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Oakley, Carmen L. MB BS; Allen, Penelope L. PhD; Abell, Robin G. MB BS; Darian-Smith, Erica MB BS; Kan, Jeffrey B. MB BS; Ewe, Shaun Y. MB BS; Vote, Brendan J. FRANZCO

Journal of Cataract & Refractive Surgery: May 2015 - Volume 41 - Issue 5 - p 1124-1125
doi: 10.1016/j.jcrs.2015.03.013
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We thank Dr. Davidorf for his interest in our paper and input regarding the conclusions drawn from the data presented.

We agree that posterior capsule tears can potentially affect refractive outcomes through effects on IOL choice and positioning. Our reference to Chan et al.1 was to support the statement that posterior capsule tears “can have a significant effect on endothelial cell loss, glaucoma, cystoid macular edema, endophthalmitis, and retinal detachment when anterior vitrectomy is required and surgical time prolonged” rather than in reference to any effect of anterior or posterior capsule tears on refractive outcomes. As stated in our paper, “[t]he rate of posterior capsule tear was not significantly different between our femtosecond laser–assisted cataract surgery and phacoemulsification cataract surgery cohorts, even though the result was numerically greater in the femtosecond laser cohort.”

Our calculated P value was 0.14 (χ2 test) and hence reported as not statistically significant. Dr. Davidorf’s calculation at P=.06 might highlight a trend toward significance. From our data, it is not possible to determine whether the numerical difference in posterior capsule tear rates (higher in laser–assisted cataract surgery) represents no difference between cohorts or that there was insufficient power to show a statistical difference. Although posterior capsule complications are typically more clinically significant than anterior capsule complications, we agree that anterior capsule tears can also potentially affect the positioning and choice of IOL and this can be clinically relevant to refractive outcomes. As highlighted in our paper, anterior capsule complications with laser–assisted cataract surgery remain a significant concern. We believe these represent a biomechanical weakness introduced by the femtosecond laser, which creates an ultrastructural can-opener capsulotomy.2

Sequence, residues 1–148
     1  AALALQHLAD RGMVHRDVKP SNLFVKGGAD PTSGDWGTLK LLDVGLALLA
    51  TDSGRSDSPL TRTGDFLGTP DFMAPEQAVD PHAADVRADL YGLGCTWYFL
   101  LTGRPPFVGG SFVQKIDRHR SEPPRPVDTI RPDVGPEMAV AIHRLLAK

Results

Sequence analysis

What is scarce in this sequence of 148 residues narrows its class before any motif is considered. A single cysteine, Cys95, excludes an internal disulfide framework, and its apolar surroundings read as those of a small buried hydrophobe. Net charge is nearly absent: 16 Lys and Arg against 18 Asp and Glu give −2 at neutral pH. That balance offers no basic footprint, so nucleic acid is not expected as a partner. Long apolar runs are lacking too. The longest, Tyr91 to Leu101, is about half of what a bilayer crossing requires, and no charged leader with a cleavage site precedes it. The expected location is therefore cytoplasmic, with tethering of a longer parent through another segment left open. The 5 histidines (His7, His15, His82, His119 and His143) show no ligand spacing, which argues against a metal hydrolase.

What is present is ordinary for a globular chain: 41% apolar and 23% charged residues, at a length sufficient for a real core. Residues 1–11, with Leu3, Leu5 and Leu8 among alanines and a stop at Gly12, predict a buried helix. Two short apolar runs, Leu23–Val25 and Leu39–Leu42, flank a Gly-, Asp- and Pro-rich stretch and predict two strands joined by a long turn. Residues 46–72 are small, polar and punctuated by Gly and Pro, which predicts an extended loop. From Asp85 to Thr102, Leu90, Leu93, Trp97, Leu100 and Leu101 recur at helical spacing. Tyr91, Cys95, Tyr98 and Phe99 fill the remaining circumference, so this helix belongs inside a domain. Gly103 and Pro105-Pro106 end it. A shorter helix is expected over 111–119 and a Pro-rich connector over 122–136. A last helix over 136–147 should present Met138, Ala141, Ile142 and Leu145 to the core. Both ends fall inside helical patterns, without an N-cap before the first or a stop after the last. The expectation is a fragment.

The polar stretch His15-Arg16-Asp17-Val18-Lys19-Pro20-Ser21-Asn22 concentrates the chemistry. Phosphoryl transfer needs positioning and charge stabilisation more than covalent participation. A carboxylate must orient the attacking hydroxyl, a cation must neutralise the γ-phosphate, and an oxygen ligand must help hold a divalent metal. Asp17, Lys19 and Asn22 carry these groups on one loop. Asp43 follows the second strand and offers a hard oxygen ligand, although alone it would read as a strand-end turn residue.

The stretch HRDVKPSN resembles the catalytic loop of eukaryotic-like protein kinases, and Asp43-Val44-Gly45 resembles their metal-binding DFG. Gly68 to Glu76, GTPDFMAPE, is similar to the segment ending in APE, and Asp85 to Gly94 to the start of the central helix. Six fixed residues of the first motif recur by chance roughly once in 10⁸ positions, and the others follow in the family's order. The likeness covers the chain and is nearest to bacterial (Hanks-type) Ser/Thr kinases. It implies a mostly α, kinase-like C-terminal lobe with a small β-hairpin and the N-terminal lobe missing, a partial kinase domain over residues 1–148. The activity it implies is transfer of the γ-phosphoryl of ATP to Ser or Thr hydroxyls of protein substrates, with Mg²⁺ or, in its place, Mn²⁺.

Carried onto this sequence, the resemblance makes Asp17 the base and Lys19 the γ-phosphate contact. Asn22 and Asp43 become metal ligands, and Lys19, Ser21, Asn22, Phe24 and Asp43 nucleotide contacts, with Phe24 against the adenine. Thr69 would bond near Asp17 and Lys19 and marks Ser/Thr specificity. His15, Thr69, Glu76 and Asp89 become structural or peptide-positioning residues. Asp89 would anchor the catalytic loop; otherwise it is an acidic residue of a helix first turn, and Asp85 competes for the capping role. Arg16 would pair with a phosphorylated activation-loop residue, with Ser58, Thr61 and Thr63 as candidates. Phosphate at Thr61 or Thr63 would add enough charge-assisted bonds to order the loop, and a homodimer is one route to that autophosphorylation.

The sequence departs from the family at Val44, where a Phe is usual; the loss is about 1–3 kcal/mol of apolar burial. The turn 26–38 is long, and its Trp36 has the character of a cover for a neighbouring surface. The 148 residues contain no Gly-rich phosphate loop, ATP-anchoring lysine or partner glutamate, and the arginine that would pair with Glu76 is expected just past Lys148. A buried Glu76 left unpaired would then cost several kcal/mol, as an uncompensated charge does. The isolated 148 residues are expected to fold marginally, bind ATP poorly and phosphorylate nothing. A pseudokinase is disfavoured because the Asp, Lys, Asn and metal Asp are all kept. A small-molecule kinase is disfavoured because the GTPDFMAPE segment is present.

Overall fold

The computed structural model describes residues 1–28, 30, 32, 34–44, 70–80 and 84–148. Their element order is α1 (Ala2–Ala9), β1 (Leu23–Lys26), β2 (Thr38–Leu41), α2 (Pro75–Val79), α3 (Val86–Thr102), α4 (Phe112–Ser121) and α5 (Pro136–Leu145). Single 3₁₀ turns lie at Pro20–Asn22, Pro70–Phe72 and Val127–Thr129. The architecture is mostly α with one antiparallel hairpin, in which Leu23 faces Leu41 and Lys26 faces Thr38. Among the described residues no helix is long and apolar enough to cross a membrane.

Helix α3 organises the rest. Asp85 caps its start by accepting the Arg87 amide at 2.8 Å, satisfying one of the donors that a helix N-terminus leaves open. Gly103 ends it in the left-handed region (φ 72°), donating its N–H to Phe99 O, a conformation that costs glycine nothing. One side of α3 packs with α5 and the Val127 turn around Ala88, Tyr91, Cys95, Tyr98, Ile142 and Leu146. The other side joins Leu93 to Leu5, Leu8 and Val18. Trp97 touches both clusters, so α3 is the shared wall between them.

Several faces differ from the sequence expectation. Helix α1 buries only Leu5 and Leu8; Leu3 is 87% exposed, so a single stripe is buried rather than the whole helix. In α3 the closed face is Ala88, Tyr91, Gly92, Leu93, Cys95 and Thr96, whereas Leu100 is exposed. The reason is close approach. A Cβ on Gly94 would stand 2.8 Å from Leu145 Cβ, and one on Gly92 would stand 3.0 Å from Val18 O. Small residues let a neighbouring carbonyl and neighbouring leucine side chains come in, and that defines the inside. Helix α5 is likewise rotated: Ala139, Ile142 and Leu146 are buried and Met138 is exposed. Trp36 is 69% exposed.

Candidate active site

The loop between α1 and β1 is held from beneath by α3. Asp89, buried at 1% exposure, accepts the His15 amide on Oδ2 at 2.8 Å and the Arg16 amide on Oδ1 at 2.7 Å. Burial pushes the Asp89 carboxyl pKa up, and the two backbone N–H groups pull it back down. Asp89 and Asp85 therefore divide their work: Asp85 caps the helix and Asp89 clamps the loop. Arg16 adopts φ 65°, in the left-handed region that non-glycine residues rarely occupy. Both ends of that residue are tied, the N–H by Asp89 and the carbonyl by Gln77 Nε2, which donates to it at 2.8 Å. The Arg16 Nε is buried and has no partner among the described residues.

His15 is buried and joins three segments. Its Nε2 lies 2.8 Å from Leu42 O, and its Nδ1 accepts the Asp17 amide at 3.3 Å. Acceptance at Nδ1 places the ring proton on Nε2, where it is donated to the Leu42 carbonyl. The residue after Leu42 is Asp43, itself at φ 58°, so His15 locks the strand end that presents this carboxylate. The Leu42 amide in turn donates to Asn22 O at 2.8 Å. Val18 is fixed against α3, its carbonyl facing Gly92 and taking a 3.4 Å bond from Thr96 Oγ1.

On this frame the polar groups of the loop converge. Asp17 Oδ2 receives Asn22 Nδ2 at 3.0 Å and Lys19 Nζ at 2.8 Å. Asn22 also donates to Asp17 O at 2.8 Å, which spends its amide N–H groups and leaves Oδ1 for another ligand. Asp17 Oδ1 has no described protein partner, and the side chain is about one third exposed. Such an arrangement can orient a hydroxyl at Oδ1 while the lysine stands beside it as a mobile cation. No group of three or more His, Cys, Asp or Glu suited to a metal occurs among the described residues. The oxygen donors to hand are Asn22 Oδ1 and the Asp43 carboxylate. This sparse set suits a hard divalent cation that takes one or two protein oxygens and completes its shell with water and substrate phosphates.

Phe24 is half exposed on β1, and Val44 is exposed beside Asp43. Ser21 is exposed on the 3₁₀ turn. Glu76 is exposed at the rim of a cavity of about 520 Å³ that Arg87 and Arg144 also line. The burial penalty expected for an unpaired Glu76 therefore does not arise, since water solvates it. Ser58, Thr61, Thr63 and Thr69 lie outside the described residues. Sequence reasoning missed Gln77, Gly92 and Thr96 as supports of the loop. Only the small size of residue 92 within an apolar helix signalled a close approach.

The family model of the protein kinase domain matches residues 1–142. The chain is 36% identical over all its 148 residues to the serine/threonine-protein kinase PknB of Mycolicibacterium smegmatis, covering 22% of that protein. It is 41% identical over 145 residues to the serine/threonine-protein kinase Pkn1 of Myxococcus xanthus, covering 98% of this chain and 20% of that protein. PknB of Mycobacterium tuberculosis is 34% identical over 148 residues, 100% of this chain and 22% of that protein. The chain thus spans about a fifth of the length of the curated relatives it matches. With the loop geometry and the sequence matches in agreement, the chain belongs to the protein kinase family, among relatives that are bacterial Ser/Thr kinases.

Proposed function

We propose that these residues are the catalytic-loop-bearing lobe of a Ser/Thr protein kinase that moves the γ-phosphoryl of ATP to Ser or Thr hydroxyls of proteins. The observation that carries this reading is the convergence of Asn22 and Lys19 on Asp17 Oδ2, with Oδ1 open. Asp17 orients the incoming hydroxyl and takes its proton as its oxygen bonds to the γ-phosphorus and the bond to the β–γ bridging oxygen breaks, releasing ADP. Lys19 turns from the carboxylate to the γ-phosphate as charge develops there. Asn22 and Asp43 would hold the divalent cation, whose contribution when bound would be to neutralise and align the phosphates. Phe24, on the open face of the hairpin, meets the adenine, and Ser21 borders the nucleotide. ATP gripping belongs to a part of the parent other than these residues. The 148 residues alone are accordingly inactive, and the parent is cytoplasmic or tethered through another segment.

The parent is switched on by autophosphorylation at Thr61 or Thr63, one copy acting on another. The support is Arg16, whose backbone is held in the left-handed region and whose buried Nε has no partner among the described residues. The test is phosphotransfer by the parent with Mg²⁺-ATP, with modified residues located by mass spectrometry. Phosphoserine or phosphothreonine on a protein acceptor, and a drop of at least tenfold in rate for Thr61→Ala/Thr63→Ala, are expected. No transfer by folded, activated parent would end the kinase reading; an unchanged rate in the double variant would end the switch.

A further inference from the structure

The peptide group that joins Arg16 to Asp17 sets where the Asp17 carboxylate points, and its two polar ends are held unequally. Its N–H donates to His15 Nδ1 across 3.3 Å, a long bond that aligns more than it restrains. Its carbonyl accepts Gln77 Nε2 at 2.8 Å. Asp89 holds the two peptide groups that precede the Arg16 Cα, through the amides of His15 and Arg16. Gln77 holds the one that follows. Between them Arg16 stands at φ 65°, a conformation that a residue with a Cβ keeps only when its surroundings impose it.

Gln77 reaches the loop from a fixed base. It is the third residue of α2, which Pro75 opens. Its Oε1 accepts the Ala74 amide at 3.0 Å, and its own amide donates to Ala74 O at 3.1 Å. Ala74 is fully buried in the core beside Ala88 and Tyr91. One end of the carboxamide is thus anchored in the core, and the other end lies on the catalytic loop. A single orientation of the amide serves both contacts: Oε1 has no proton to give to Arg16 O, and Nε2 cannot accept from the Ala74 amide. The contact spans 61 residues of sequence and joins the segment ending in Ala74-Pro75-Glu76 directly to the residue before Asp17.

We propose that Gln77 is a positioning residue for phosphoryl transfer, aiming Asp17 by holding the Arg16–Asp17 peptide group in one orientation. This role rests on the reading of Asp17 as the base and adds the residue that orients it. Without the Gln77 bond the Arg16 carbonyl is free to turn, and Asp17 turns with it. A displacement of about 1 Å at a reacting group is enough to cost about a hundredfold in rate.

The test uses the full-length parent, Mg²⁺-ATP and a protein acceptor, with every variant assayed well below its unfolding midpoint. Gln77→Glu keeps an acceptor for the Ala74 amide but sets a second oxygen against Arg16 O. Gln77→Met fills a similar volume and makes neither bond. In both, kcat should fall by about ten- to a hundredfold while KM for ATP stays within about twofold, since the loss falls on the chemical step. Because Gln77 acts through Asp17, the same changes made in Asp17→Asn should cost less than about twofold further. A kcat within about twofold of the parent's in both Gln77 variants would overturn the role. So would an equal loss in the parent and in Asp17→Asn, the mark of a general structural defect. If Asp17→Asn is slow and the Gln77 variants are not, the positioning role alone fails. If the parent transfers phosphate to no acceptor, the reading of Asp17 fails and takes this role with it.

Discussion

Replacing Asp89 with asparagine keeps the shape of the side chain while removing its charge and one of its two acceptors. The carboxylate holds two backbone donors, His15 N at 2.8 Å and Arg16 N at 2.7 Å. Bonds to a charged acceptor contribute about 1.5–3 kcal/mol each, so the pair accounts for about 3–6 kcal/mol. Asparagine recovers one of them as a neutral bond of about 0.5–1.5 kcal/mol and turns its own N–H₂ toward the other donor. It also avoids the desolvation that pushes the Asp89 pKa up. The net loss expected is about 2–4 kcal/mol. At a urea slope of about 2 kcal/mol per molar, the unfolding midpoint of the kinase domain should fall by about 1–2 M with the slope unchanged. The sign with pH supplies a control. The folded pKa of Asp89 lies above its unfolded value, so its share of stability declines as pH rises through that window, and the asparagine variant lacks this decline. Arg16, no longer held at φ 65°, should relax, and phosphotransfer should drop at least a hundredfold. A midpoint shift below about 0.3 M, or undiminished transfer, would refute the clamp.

Our study of more than 4000 eyes found that the rate of intraoperative complications was significantly higher in the laser–assisted cataract surgery cohort, despite that many of the more challenging patients (eg, small pupils) were more likely to be included in the phacoemulsification cataract surgery cohort. Therefore, we agree with Dr. Davidorf’s conclusion that the rate of intraoperative complications is higher and hence the safety lower in femtosecond laser–assisted cataract surgery. In regard to our own conclusions, our initial submission put a stronger emphasis on these valid safety concerns.

References

1. Chan E, Mahroo OAR, Spalton DJ. Complications of cataract surgery. Clin Exp Optom. 93, 2010, p. 379-389, Available at: http://onlinelibrary.wiley.com/doi/10.1111/j.1444-0938.2010.00516.x/pdf. Accessed March 21, 2015.
2. Abell RG, Davies PEJ, Phelan D, Goemann K, McPherson ZE, Vote BJ. Anterior capsulotomy integrity after femtosecond laser-assisted cataract surgery. Ophthalmology. 2014;121:17-24.
© 2015 by Lippincott Williams & Wilkins, Inc.